Mastercard has launched a global network for urban co-development as part of its City Possible public-private-partnership programme.
The global payments and technology company wants to connect cities with academia and businesses to identify common challenges that can be best addressed through collaboration.
Sixteen cities are becoming founding members of the global City Possible network – representing a diverse mix of geography and size: Athens: Aurora, Illinois; Baltimore; Dubai; Dublin; Helsinki, Honolulu; Kansas City; Melbourne; Prague; San Diego; and Altamonte Springs, Florida; as well as the greater Sydney communities of Campbelltown, Canterbury Bankstown, Liverpool, and Wollondilly. The network is open for additional cities to join.
As a key component of City Possible, Mastercard is partnering with the Technology and Entrepreneurship Centre at Harvard University (Tech) which will host a series of programmes to foster a regular learning exchange among global city leaders.
The first convening will take place this week at Smart City Expo in Barcelona (13-15 November) and focus on urban planning, mobility services and data insights. Participants will also have access to an online community where they can continue the dialogue with their peers.
“Faced with limited resources and competing priorities, city leaders look for solutions that have been tested elsewhere”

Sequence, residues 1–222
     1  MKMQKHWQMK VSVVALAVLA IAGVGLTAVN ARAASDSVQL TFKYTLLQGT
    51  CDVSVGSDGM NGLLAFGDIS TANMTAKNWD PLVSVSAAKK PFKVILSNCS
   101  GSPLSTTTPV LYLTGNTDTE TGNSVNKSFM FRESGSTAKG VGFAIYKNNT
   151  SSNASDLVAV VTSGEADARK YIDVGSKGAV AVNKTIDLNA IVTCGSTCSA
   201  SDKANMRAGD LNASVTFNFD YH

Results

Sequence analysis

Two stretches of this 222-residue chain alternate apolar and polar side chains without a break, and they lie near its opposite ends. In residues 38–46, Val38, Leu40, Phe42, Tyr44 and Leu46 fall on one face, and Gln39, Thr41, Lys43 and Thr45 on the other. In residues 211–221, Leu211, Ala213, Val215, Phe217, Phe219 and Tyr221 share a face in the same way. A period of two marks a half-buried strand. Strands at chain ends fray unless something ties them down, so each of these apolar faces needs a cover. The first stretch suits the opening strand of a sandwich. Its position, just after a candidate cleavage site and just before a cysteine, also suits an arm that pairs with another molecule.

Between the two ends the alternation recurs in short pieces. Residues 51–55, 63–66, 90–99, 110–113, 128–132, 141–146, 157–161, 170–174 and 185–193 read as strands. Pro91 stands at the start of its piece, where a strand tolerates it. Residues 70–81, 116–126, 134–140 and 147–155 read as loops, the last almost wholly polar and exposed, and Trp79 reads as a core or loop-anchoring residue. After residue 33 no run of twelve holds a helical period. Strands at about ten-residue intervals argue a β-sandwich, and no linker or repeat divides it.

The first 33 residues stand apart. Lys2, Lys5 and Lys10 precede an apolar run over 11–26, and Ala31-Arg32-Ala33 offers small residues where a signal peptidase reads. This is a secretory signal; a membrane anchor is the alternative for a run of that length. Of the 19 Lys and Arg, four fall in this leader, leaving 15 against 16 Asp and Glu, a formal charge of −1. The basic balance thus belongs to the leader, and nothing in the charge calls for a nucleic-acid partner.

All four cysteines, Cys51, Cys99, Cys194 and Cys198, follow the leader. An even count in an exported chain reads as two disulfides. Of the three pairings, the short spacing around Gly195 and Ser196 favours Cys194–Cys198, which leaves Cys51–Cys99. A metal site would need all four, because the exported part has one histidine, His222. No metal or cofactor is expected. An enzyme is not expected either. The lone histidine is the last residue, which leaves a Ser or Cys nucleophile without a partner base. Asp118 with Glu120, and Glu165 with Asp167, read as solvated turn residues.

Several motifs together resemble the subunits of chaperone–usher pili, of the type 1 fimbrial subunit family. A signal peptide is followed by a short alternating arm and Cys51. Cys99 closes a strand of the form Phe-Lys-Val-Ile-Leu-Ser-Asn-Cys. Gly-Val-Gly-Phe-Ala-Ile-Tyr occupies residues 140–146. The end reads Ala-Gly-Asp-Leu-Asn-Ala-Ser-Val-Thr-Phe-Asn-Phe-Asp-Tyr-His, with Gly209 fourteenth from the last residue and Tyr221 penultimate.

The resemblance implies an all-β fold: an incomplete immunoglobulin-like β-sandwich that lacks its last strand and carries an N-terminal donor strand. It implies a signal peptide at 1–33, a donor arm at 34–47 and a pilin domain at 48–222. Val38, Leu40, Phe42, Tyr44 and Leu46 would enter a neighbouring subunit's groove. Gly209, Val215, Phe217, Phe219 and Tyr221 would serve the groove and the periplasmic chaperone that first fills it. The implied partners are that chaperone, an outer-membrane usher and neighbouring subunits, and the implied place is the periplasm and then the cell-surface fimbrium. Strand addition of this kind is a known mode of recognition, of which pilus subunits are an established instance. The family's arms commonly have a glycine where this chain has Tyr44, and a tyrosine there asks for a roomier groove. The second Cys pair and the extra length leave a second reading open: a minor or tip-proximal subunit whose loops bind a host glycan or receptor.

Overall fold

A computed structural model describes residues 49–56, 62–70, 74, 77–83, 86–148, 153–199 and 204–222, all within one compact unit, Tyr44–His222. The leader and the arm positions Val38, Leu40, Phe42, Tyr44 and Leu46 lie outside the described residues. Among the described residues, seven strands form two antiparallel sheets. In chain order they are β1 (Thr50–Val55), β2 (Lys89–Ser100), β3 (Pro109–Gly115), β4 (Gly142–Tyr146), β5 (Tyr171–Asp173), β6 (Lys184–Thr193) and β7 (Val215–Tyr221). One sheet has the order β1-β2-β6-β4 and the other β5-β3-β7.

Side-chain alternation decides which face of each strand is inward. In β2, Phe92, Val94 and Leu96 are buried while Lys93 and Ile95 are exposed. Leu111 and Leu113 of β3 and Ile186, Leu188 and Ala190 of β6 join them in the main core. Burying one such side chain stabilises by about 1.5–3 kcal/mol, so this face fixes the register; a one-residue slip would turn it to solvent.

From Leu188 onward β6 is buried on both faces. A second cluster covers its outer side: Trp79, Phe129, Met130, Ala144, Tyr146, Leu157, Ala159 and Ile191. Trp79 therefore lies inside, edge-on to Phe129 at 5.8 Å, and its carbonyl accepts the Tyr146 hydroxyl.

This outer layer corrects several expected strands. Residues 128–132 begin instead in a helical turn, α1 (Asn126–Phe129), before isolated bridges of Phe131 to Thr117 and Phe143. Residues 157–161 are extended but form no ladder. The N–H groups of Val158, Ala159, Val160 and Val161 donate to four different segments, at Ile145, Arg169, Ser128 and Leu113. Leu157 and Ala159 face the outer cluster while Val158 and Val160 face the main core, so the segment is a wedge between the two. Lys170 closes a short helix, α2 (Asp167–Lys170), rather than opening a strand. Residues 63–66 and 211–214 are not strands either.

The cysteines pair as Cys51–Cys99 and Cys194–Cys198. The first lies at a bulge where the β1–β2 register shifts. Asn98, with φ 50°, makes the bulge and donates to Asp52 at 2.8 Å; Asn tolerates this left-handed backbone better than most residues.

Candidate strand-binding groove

“As urban areas around the world continue to grow, cities face common issues – how to provide a healthy environment, safety, affordability and economic opportunity for their communities”, said professor David Ricketts, fellow at Tech.
“Faced with limited resources and competing priorities, city leaders look for solutions that have been tested elsewhere. Through our learning exchanges, we want to equip CIOs and other urban leaders to better navigate this dynamic environment.”
When the sustainable development goals (SDGs) were adopted by the United Nations in 2015, they called for “making cities inclusive, safe, resilient and sustainable”. In order to accelerate local level delivery of the SDGs, the United Nations Global Compact Cities programme will work with City Possible.
Through the collaboration with Mastercard, participating cities can access the City Possible network to identify shared challenges and seek sustainable business models to address them.
Once key challenges that are shared by cities across the globe have been identified, City Possible said it will provide a framework for co-creating, testing and scaling solutions – connecting cities with private sector players that are equally committed to people-centered design.
“The superpower of cities is their freedom to collaborate – allowing them to build on each other’s progress”, added Miguel Gamiño, who heads up global city partnerships for Mastercard.
“By bringing together city leaders from across the globe, City Possible promotes the sharing of ideas and best practices – aimed at advancing more connected and inclusive urban communities. What unites all our public, private and academic partners is their commitment to make technology work for all people and finding scalable solutions for universal needs.”
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